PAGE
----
What is Angiogenesis

Process of Angiogenesis
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Process of Angiogenesis

Physiological and pathological angiogenesis
Almost all tissues develop a vascular network that provides cells with nutrients and oxygen and enables them to eliminate metabolic wastes. Once formed, the vascular network is a stable system that regenerates slowly.

In physiological conditions, angiogenesis occurs primarily in embryo development, during wound healing and in response to ovulation.

However, pathological angiogenesis, or the abnormal rapid proliferation of blood vessels, is implicated in over 20 diseases, including cancer, psoriasis and age-related macular degeneration.

The angiogenic sequence

The angiogenic process, as currently understood, can be summarized as follows:
  • A cell activated by a lack of oxygen releases angiogenic molecules that attract inflammatory and endothelial cells and promote their proliferation.

  • During their migration, inflammatory cells also secrete molecules that intensify the angiogenic stimuli.

  • The endothelial cells that form the blood vessels respond to the angiogenic call by differentiating and by secreting matrix metalloproteases (MMP), which digest the blood-vessel walls to enable them to escape and migrate toward the site of the angiogenic stimuli.

  • Several protein fragments produced by the digestion of the blood-vessel walls intensify the proliferative and migratory activity of endothelial cells, which then form a capillary tube by altering the arrangement of their adherence-membrane proteins.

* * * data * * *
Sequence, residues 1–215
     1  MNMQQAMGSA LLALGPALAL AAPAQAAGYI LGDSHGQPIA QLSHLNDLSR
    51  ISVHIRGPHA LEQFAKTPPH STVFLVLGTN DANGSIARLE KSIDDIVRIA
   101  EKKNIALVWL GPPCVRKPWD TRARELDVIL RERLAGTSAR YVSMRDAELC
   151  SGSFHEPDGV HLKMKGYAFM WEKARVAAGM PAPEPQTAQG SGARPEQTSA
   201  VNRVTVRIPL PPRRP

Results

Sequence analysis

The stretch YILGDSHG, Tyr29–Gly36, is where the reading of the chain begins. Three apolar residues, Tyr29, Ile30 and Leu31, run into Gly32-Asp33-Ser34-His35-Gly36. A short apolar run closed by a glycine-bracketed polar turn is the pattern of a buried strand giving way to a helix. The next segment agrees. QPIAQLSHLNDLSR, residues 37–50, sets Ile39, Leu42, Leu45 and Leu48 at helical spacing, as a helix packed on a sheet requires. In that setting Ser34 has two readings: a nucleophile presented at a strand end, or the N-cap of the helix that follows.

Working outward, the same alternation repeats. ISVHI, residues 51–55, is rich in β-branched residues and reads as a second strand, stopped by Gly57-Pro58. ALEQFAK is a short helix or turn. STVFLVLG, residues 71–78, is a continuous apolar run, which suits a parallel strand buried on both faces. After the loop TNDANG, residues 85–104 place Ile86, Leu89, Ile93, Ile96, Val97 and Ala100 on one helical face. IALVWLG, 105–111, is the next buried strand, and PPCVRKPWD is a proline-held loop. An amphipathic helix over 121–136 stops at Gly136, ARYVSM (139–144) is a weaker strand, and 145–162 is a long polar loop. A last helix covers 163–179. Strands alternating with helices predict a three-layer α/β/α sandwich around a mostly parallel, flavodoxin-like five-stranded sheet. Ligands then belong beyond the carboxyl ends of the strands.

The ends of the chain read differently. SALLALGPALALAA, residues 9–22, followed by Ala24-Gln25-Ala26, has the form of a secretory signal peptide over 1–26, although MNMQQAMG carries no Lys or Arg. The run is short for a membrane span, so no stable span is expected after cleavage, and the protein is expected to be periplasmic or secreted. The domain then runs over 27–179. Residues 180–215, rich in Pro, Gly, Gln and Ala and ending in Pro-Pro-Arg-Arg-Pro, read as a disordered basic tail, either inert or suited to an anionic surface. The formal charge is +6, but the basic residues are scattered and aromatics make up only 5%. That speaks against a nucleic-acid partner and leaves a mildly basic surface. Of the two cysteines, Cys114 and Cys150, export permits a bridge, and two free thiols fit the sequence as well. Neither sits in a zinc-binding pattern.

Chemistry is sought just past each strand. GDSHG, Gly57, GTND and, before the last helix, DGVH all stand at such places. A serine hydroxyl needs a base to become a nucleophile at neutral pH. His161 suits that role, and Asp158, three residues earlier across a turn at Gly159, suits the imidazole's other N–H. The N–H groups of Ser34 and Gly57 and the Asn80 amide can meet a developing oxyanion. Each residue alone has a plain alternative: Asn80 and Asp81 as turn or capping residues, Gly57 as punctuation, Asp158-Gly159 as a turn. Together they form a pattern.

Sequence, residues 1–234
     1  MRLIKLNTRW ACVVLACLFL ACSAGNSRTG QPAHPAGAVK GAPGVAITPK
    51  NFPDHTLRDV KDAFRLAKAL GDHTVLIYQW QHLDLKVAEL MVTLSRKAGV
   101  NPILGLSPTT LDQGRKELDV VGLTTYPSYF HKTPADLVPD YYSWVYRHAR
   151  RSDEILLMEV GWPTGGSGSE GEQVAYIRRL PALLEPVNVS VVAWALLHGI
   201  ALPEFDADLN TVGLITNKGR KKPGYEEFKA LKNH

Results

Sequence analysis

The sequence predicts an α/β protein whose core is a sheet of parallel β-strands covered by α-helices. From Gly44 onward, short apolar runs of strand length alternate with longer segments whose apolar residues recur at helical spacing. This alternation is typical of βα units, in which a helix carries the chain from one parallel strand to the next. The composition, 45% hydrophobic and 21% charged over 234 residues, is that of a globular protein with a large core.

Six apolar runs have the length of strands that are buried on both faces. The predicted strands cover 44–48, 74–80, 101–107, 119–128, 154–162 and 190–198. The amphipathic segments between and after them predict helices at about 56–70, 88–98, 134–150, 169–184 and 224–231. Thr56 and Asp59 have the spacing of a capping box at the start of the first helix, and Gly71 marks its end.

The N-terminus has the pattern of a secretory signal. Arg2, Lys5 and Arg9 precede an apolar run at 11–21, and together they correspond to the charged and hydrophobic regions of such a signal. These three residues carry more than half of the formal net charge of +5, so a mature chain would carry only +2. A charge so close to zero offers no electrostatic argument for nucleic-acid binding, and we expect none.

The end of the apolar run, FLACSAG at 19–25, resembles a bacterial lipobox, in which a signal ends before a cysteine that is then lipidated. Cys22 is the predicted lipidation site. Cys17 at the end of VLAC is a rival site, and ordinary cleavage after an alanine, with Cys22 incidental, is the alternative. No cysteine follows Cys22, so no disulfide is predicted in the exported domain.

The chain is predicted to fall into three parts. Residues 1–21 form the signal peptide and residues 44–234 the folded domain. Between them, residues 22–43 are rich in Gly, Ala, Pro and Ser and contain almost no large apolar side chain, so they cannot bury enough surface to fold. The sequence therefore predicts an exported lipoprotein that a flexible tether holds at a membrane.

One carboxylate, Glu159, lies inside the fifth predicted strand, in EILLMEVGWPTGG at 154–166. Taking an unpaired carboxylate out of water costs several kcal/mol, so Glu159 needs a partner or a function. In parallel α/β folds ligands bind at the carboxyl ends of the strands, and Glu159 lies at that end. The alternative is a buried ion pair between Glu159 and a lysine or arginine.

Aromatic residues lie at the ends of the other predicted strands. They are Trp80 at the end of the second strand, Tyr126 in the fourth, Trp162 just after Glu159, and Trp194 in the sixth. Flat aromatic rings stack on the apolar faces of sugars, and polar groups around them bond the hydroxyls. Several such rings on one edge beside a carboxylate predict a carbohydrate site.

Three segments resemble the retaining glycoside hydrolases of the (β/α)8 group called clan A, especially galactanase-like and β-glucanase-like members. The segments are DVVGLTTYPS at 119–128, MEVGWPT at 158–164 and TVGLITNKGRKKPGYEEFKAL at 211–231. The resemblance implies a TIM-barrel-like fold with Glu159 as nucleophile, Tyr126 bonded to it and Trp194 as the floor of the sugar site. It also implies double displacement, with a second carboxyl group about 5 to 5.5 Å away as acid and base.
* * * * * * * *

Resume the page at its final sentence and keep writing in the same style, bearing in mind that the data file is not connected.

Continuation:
• Finally, through the process of anastomosis, the capillaries emanating from the arterioles and the venules will join, thus resulting in a continuous blood flow.

The normal regulation of angiogenesis is governed by a fine balance between factors that induce the formation of blood vessels and those that halt or inhibit the process. When this balance is destroyed, it usually results in pathological angiogenesis which causes increased blood-vessel formation in diseases that depend on angiogenesis.

More than 20 endogenous positive regulators of angiogenesis have been described, including growth factors, matrix metalloproteinases, cytokines, and integrins. Growth factors, such as vascular endothelial growth factor (VEGF), transforming growth factors (TGF-beta), fibroblast growth factors (FGF), epidermal growth factor (EGF), angiogenin, can induce the division of cultured endothelial cells thus indicating a direct action on these cells.

However, other factors have virtually no effect on the division of cultured endothelial cells or, in the case of TGF-beta and TNF-alpha, paradoxically inhibit their growth indicating that their angiogenic action is indirect.

Copyright 2001